That wrapped up the interview, and McLaughlin returned to help Auerbach further intimidate us all. They kicked off the second set with "Trouble Waits For You", a jangly, strolling along kind of a song. Again, these players were all the way into it, yet kind enough to take us along with them on this jaunt. "Stand By My Girl" (also off the new Waiting On A Song album), which cracked everyone up when they got to the lyric, "I'm gonna stand by my girl ... she'll kill me if I don't." At song's end, Auerbach joked that "That's a true story. Sad, but true." It was again awesome, as was "Trouble Weighs A Ton" from Auerbach's first solo album, Keep It Hid. It was gorgeous, even though Auerbach had promised "not to be too intimidating" - they still were. "You've got a couple miles to go to drive me crazy ..." - Auerbach writes great lyrics, man.

"Shine On Me" is the obvious hit, and was again extra- evocative of summertime. I mean, it shouts out to Raybans. I was feeling a bit of a burn on my arms from a day trip along the PCH, so summertime was on my mind, but if it hadn't been, this song would have done the trick for sure. Blast it, roll down your windows, and enjoy yourselves this summer, friends! With jams like this, you really can't help it.

We all clapped wildly, enough to get the guys to jam one more song, which was "Goin' Home". The beautiful strumming took me back to the river's edge, on a lazy day where maybe getting some Countrytime Lemonade would be the tallest order of the day. Wholesome goodness that instantly made you homesick, even if you were home. I almost hitchhiked from this studio to Minnesota when  Auerbach sang, "I spent too long away from home ...", and it hasn't even been that long. The prominent line from the tune goes, "Be thankful for all you got", and was so just LOVELY that I again choked up - of course. What a wonderful reminder through song - to indeed be SO, SO thankful for what you got, because if you were here, in this moment, hearing tunes like these, you truly had an awful lot to be grateful for.

With that, it was "So long, hope to see you again soon in some form!" and Auerbach and McLaughlin were off - probably to record another excellent tune backstage. And I was off - to go get Waiting On A Song to help me have an even more beautiful summer. I hope you'll have the same! Thanks so much to KCRW for putting on yet another fantastic evening of live music. Love you.

Waiting On A Song is available now - everywhere.

*Photos courtesy of KCRW/Brian Lowe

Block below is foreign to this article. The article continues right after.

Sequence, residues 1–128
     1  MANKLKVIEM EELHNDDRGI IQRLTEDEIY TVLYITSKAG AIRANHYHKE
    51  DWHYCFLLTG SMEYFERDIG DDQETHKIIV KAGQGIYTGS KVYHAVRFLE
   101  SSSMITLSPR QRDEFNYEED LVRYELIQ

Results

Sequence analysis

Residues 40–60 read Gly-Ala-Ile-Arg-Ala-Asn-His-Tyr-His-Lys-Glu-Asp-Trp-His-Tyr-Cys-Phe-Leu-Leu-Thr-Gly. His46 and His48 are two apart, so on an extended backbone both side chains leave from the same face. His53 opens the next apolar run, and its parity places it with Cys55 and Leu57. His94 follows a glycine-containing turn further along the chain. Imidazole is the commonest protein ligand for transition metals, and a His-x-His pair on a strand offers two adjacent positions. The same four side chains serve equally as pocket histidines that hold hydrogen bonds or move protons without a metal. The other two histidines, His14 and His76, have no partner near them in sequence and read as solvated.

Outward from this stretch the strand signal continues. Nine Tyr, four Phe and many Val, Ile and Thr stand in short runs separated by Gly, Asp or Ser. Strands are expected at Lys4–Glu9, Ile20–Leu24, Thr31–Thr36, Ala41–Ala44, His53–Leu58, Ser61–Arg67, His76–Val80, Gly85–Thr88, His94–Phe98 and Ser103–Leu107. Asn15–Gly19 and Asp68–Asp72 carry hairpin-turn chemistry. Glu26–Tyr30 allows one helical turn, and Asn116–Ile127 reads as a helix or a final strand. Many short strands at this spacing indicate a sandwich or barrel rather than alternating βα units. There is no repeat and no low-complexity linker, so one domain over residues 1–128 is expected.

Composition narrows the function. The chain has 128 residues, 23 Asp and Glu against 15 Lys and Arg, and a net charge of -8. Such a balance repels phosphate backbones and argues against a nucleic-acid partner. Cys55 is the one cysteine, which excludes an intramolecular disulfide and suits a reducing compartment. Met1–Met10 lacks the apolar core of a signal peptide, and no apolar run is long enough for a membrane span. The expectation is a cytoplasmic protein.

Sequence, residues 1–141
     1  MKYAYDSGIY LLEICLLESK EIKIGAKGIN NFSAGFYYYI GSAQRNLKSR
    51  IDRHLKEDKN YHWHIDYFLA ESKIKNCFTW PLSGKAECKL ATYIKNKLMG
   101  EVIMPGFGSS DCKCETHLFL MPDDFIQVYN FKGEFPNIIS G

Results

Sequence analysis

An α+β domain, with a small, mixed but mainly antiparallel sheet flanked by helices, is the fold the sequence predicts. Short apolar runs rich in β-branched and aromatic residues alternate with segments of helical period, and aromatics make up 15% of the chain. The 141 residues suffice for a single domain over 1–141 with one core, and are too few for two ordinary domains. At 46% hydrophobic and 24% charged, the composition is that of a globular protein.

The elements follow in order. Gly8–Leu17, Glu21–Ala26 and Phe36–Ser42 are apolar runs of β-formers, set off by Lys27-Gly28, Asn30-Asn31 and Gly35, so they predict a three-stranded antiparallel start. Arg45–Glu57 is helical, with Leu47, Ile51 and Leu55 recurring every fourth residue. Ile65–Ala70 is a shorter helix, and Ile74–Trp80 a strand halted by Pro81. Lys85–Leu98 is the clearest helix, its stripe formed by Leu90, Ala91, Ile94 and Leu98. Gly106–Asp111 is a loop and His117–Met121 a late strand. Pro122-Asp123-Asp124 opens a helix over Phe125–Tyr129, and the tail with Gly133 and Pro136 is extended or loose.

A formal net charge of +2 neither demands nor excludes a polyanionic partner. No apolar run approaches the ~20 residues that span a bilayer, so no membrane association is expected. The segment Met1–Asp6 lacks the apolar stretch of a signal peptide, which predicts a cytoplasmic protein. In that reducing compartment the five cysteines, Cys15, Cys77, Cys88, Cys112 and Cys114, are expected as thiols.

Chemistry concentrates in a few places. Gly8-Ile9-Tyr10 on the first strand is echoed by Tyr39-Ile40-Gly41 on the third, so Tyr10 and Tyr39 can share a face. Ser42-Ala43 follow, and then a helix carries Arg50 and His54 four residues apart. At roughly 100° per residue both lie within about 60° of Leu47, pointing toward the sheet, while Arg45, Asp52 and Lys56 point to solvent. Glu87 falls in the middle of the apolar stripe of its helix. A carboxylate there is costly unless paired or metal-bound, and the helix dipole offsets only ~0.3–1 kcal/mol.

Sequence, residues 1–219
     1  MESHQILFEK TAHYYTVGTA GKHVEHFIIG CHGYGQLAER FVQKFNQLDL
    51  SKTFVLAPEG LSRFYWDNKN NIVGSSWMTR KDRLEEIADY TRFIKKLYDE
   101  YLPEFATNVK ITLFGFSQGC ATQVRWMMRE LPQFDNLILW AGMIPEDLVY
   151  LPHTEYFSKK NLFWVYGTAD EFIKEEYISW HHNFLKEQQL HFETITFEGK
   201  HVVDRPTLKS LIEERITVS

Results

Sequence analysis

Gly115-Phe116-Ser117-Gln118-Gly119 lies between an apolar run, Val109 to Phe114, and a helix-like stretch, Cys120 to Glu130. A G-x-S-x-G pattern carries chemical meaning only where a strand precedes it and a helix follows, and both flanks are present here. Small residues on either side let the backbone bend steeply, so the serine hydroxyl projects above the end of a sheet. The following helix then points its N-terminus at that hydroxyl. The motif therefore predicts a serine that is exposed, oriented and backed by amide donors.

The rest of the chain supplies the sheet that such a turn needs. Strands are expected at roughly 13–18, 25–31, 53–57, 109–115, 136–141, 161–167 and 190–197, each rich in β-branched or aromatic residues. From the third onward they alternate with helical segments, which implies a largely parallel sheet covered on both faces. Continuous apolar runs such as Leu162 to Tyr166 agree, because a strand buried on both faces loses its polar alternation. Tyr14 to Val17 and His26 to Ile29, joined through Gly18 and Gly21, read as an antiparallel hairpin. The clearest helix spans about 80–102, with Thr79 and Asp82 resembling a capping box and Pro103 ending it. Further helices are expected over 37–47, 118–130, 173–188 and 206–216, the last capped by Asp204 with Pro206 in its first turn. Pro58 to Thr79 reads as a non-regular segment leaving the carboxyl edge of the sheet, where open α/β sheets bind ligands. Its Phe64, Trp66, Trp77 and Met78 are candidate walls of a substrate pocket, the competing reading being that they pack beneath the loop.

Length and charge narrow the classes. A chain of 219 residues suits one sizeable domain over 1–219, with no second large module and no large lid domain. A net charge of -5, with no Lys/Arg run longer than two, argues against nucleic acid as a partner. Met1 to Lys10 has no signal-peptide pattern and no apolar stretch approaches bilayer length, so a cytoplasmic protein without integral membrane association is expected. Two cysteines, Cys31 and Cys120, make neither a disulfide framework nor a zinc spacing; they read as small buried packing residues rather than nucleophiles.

Wednesday, June 14, 2017

A Rohitash Rao Show At Wabi Sabi - Eat Art!

There was a really fun art opening last night at Wabi Sabi, featuring the wonderful work of Rohitash Rao. There were so many friends, neighbors, and fellow artists crushed in for the reception that I almost felt kind of bad for the diners who perhaps weren't aware that they were going to be eating in the midst of a full on art show. But, hey - good for them. I was told that there was special "Shoe-shi Surrealist sushi" (?), but I never saw that. I like the creativity though. A lot. 

Rao is one of my favorite local artists, with his witty pieces that poke at current events and our society today with clever humor and proper digs when necessary. He was in such demand to talk to that the photo I took of him is just a blur ... and good for him!

I love the old thrift store paintings that Rao inserts Darth Vaders into ... particularly the beach scene being accosted by the Dark Lord. Why not?

It was great to see so many familiar faces out to support their friend, and even more encouraging to see that so many of them are artists still working in Venice. We need you! More than ever!

And this night was a celebration of exactly that, as also on view were photographs of Venice artists in their studios by Debbie Zeitman for her "Before They Go" project - which we all hope they never do.

The ceiling in Wabi Sabi is so beautiful, it really deserves its own artistic shout-out. It's essentially a big terrarium, full of living plants, that need to be lowered to water. It's so gorgeous, I find myself spacing out into it often. Good job, Wabi!

Good job all around, actually, as this was Venice doing what Venice does best - celebrating art and each other, every chance we get. Congratulations to all the artists, there in person and in spirit. We love you and appreciate you! Thank you to Wabi Sabi for recognizing this, and throwing a darn good art soirée! Congratulations Ro and Debbie! Love.